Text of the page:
Why not putting the cat among the pigeons! Even with this metaphor I risk to bring over me the wrath of the black community in the US. White doves, you know.

So a little critical text among my lyrical little essays – a bit of aesthetics.

When black director Spike Lee throws the Oscar Awards into the arena of the presidential election campaign, I get a bit nervous. What have these to do with such elections? For two years I lived in The States; I studied the prison conditions over there and wrote a little book on this; I am a ‘war veteran’ in the movement against the Vietnam War – so do not expect of me anything but a reasoned rejection of American ‘society’.

But Spike’s shit I simply do not dig. Nor the shit of the American feminists, who saw and still see ghosts everywhere. Let Spike speak:

“How is it possible that all twenty candidates for the Oscar in the actor category are white, this for the second consecutive year? Can we not act? Just go to hell!” [Spike Lee quoted in the Dutch paper De Volkskrant, 02/27/16]

What struck me most was the little passage ‘Can we not act?’ As if it is impossible that for two years in a row the best actors that year are white or – for that matter, if you want, that is – violet or yellow. This is very much possible. This question can only be answered by studying the arguable differences in quality between the actors nominated.

So indeed: An overdose of death among black soldiers in Vietnam; an overdose of black prisoners then and still now; an overdose of innocent blacks killed by the police; et cetera. But, please Miiiister Spike, not this kind of phraseology about art and actors.

In addition, I would like to throw in a second cat in that loft with the pigeons, an aesthetic cat. Could it be that blacks are indeed less likely to be good film actors than whites, this because a black face allows fewer nuances of facial expression?

It can also be that ‘us whites’ may possibly not be able to perceive actually present nuances of black facial expression, accustomed as we are to a daily environment dominated by whites. If this were the case, you would almost have to argue for separate black Oscars, with a separate black jury and perhaps even special black films for black audiences…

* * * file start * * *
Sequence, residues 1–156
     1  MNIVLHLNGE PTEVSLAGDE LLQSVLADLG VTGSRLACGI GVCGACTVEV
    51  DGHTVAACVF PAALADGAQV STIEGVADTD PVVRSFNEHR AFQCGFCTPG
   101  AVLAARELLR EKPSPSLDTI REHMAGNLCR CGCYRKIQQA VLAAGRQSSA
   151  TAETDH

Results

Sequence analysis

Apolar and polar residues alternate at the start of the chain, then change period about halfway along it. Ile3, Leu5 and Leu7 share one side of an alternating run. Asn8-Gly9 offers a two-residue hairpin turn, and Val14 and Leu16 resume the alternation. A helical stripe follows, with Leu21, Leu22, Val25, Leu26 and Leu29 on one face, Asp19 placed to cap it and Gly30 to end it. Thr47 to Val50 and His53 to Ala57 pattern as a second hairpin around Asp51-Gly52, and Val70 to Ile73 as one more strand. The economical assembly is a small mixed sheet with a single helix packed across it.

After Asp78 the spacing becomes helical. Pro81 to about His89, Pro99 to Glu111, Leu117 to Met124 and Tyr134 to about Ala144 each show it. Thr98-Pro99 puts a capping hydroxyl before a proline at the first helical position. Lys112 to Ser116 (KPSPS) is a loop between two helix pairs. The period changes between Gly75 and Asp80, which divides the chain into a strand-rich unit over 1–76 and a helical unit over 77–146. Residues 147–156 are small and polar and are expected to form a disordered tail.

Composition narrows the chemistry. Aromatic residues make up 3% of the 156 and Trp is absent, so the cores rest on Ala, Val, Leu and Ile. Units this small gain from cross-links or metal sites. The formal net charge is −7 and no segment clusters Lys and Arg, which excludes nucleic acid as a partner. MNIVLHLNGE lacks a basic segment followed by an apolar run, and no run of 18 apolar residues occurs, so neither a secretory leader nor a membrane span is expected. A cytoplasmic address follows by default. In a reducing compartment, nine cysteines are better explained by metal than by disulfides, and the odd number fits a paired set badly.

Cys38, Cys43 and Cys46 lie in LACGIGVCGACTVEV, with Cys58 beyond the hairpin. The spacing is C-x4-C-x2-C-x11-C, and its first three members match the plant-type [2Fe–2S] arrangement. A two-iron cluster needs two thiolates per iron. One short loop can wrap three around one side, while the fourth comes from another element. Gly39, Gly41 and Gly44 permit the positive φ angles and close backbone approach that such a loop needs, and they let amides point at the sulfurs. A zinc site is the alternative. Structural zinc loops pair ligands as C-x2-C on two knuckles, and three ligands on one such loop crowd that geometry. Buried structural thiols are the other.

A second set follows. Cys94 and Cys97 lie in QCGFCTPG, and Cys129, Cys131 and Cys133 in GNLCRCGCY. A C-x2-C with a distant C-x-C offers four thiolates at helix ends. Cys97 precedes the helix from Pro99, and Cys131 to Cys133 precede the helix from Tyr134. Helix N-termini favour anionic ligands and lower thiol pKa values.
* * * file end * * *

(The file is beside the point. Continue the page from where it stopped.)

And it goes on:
In the transition from theater to film, at the beginning of the 20th century, there was a phase in which theater actors started to act in front of the film camera. Literally acting, as though they were using their facial expression on the Bühne. On stage such histrionics is necessary, that combination of exaggerated, accentuated facial expressions which are needed to have the actor convey the various ‘emotions’ his part demands even to spectators in the 30th row.

In front of a camera, by contrast, good acting depends upon the visible play with eyebrows, cheek movements, little wrinkles here and there – and so on. Perhaps, a black face on a big screen is less capable of this than a white face. Morgan Freeman, one of my movie greats, could act a magnificent Othello – on stage that is. On the white screen and in close up, however, I fear that his variation of set expressions might seem limited.

Watching Chinese movies, time and again I have the impression of seeing masks instead of ‘faces’. Beside my possible incapacity to observe yellow faces’ subtleties, this is certainly also the effect of the always identical color of eyes and hair – and especially of the eye fold which reinforces the effect of a mask.

I am an avid film fan and watch at least four movies a week. In my personal, rather extensive video library I have, for example, a separate section with Forest Whitaker movies. However, I must confess that in my top ten, top twenty movie actors [M / V] no black actor occurs, not even Whitaker.

Thus, having my questions in mind, I am not surprised at the limited presence of blacks on the nominees’ charts. This is not necessarily a matter of racism, which is what Spike Lee claims.

Notate bene: All questions raised above are serious queries of a hypothetical kind, demanding a reasoned and factual investigation.

February 2016


Author: rjsiersk

Sierksma was born in Friesland, a 'county' in the northern part of the Netherlands with its own language which he does not speak and with an obstinate population to which he both belongs and does not belong. A retired Professor of Social Philosophy and Aesthetics, as a Harkness fellow he taught at Rutgers and Berkeley Universities in the USA, and at GUAmsterdam and TUDelft in the Netherlands. In 1991 he was awarded his PhD from Leiden University on the subject of 'Surveillance and Task: Labour Discipline between Utilitarianism and Pragmatism'. His books include Minima Memoria (1993), Lost View (2002 with Jan van Geest), and Litter Scent (2013). He has published poems and articles in Te Elfder Ure, Nynade, Oasis and the Architectural Annual. Half the year he lives in Haarlem, the other half he spends in la France Profonde, living ‘in his own words’ as the house out there was bought with the winnings from his essay Eternal Sin, written for the ECI Essay Prize (1993). In this blog, Sierksma's Sequences, written in English, he is peeping round his own and other people’s perspectives. Not easily satisfied with answers nor with questions, he turns his wry wit to a number of philosophical and historical issues. His aim in writing: to make parts of the world light up in his perspective - not my will, thine! Not being a thief, he has no cook, one wife, some children, one lover and three cats.

Leave a Reply

Fill in your details below or click an icon to log in: Logo

You are commenting using your account. Log Out /  Change )

Google+ photo

You are commenting using your Google+ account. Log Out /  Change )

Twitter picture

You are commenting using your Twitter account. Log Out /  Change )

Facebook photo

You are commenting using your Facebook account. Log Out /  Change )


Connecting to %s